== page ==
It seems that everyday we are hit with bad news about the environment. One day we find out that the sea ice is shrinking rapidly. The next day the level of air pollution increases so much that it becomes deadly. The kind of news that becomes normality once it’s heard every day. However, there are also days, a few of them, when we find out something good about the world we live in. Like the fact that the dangerous ozone hole over Antarctica is slowly shrinking and healing.
NASA’s Earth-orbiting Aura satellite provided the data which indicated that since 2005 and until 2016, the ozone hole became smaller with about 20%. So, it is possible to do some good things through cooperation? It surely is. According to experts, some 1987 international regulations on chlorofluorocarbons might be what brought this change. Chlorofluorocarbons usually breakdown ozone molecules and can be found in solvents, refrigerants, and many other products.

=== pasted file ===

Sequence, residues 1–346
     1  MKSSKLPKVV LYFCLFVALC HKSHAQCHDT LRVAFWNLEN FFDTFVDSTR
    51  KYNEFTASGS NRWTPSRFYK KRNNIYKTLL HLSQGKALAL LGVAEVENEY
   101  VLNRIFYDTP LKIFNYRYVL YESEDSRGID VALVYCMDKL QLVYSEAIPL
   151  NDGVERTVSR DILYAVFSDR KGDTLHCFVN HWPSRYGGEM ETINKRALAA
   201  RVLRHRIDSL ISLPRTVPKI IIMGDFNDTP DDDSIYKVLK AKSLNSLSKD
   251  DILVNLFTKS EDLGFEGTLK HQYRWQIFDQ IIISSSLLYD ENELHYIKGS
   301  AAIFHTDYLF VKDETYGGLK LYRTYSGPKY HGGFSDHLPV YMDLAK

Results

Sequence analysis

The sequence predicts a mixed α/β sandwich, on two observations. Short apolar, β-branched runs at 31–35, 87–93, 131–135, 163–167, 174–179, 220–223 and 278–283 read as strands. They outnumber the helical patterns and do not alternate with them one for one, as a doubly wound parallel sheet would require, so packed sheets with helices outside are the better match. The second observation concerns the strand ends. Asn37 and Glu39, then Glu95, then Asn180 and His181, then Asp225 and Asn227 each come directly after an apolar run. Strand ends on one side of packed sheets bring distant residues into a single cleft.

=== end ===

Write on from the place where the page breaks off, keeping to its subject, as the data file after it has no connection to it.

The ozone hole keeps on shrinking
According to atmospheric scientist Susan Strahan, we may have a solution in our hands, but it’s crucial that every country contributes to these efforts. They all need to abide by the Montreal Protocol which, among other things, bans the production of chlorofluorocarbons. Strahan also explained that this recovery will continue, but at a very slow pace. This is mainly because these molecules have a long life and can continue to exist in the atmosphere for entire decades. So, we might finally see the ozone hole disappear sometime between 2060 and 2080.
Experts also explain that a rise in the ozone levels has beneficial effects for the planet. It blocks the sun’s ultraviolet radiations which can cause serious health issues in humans. The problems vary from eye issues to skin cancers. Solar UV radiation also affects the crops which could seriously affect our food. All in all, collaboration is key if we want to see the ozone hole continue to shrink and potentially save our planet.
Image source: flickr